Segars believes there aren’t any quick fixes. “I think it will take a few years for all of the ripples to work their way through,” he says. That suggests a period of prolonged pain for the auto industry, which has been hardest hit by the shortage. Manufacturers such as General Motors, Toyota and Ford have cut back production and, in some cases, idled factories as they struggle to get enough chips for vehicles. Consulting firm Alix Partners estimates that the silicon supply squeeze could cost the auto industry $210 billion in lost sales this year.

Part of the problem, according to Segars, is that the swift onset of Covid-19 and fears about the spread of its variants have caused business sentiment to fluctuate wildly. “Everything got tossed up in the air. You know, we’re predicting doom and gloom one minute and glory the next, and then it’s back to doom and gloom.” That’s made it particularly hard for manufacturers to estimate likely demand, which has rebounded faster than expected in some sectors.

When carmakers and other companies slashed sales forecasts as the pandemic began, they triggered even deeper cutbacks in suppliers’ production plans—a phenomenon supply chain experts call “the bullwhip effect.” “There’s this amplification of uncertainty as you work your way down the supply chain,” says Morris Cohen, a professor at the University of Pennsylvania’s Wharton School. Expanding production again isn’t always easy, adds Cohen, especially in the chip industry, where new manufacturing plants cost billions of dollars, take a year or more to build and yet more time to fine tune.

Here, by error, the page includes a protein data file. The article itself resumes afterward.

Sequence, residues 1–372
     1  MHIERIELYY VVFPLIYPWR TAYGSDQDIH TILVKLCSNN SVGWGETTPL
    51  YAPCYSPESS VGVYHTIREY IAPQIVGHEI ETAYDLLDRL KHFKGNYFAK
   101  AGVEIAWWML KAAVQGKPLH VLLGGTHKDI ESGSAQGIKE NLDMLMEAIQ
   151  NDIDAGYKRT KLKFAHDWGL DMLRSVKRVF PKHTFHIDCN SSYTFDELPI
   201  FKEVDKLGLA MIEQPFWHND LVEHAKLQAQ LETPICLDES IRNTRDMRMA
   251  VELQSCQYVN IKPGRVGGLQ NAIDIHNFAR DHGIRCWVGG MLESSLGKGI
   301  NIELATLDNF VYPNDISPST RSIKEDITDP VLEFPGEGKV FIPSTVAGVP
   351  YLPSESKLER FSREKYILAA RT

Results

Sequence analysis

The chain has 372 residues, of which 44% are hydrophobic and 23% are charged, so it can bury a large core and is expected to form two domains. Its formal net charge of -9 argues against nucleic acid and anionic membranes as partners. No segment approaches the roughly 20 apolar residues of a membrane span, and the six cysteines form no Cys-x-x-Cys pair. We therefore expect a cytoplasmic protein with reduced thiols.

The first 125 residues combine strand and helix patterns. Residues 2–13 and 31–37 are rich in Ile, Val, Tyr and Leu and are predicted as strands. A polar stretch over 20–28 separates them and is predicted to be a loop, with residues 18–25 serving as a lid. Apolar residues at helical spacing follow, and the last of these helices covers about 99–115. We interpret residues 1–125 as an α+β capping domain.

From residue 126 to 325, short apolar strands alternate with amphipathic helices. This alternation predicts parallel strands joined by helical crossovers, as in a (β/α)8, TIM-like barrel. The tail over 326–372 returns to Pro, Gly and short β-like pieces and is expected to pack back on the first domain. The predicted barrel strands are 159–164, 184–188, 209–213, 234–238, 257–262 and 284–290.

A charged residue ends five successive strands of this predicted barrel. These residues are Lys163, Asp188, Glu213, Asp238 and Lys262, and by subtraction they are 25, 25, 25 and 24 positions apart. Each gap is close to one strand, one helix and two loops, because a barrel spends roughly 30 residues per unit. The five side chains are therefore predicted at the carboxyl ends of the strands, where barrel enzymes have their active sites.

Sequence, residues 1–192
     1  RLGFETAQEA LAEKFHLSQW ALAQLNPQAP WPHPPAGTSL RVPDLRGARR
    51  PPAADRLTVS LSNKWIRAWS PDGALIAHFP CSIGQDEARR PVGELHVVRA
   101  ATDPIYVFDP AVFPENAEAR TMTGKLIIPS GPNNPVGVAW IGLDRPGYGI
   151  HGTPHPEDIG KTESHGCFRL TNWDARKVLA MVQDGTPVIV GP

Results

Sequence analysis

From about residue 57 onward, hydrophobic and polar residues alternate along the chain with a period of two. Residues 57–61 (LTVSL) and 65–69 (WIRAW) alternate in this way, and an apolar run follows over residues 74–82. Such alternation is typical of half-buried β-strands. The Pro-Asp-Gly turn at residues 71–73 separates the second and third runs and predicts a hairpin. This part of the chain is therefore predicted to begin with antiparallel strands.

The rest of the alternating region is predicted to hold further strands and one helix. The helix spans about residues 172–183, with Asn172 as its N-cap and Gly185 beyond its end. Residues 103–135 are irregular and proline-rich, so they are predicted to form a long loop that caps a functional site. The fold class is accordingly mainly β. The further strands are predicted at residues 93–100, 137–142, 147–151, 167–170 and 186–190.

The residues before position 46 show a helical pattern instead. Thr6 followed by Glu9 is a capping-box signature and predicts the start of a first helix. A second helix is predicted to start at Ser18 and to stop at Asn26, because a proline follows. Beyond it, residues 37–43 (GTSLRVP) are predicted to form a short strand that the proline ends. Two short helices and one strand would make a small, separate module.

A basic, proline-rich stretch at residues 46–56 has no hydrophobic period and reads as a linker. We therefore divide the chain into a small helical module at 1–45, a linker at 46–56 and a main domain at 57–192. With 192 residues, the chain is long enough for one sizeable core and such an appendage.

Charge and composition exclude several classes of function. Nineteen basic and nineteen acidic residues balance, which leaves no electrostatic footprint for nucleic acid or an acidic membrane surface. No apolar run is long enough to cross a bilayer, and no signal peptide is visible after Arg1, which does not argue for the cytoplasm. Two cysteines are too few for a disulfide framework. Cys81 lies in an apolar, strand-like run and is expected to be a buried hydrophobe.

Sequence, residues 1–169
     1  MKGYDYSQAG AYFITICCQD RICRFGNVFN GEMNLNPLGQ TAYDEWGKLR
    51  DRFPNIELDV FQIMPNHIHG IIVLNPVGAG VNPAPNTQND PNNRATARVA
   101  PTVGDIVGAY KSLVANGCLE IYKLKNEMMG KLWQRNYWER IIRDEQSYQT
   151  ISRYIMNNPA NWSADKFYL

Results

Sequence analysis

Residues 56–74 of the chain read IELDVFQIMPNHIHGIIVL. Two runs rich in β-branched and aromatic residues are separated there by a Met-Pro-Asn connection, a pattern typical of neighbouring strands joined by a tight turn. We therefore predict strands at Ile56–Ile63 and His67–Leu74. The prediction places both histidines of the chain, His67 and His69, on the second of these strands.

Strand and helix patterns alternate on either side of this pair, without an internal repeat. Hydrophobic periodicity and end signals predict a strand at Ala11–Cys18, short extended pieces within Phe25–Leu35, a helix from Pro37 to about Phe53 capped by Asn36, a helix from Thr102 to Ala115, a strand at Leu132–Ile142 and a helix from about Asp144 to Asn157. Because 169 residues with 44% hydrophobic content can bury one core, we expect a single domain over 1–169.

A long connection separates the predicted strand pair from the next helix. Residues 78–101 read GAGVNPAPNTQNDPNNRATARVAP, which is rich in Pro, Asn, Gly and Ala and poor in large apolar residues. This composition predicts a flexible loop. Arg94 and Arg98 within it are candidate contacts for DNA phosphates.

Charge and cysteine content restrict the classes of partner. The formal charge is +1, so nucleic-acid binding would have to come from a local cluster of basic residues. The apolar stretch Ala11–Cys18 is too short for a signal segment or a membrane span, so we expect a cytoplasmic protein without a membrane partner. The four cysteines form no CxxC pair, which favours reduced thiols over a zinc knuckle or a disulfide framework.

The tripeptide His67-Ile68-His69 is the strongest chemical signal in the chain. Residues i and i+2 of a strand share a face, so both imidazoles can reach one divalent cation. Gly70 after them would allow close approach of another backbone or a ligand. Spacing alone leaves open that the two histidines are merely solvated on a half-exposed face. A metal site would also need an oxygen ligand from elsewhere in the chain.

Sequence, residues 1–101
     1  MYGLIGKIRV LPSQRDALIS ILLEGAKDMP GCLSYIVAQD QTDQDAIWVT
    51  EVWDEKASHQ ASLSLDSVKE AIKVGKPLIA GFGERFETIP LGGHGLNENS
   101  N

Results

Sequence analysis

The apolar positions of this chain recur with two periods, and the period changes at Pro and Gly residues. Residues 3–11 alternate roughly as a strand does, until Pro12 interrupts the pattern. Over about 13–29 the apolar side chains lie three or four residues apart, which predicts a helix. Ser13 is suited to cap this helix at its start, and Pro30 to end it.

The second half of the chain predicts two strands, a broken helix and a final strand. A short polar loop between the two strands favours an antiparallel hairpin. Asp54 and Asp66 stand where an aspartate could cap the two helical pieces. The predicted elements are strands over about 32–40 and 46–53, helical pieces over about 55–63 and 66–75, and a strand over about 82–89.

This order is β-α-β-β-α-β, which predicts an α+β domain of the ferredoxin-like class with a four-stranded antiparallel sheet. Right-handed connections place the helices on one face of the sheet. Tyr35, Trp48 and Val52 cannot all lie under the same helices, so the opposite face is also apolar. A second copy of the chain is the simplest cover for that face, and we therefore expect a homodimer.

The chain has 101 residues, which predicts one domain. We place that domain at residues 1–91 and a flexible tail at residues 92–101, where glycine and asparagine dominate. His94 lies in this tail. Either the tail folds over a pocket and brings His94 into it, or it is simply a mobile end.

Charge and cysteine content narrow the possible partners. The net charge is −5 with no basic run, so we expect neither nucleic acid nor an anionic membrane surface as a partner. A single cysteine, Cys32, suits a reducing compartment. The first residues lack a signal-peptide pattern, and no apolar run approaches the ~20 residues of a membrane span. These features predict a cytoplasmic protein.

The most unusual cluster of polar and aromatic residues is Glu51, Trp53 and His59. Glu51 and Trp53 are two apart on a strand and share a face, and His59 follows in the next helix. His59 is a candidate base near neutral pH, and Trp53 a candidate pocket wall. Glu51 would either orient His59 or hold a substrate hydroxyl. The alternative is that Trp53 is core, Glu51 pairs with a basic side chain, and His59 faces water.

Everything got tossed up in the air. You know, we’re predicting doom and gloom one minute and glory the next, and then it’s back to doom and gloom.

Simon Segars, CEO, Arm

Suspicions that some buyers are hoarding chips have added to the uncertainty. Things have gotten so bad that U.S. Commerce Secretary Gina Raimondo recently said the Biden administration is considering invoking the Cold War-era Defense Production Act to help identify bottlenecks in the semiconductor supply chain. The law could be used to compel companies to share information about chip stocks and manufacturing or purchasing plans.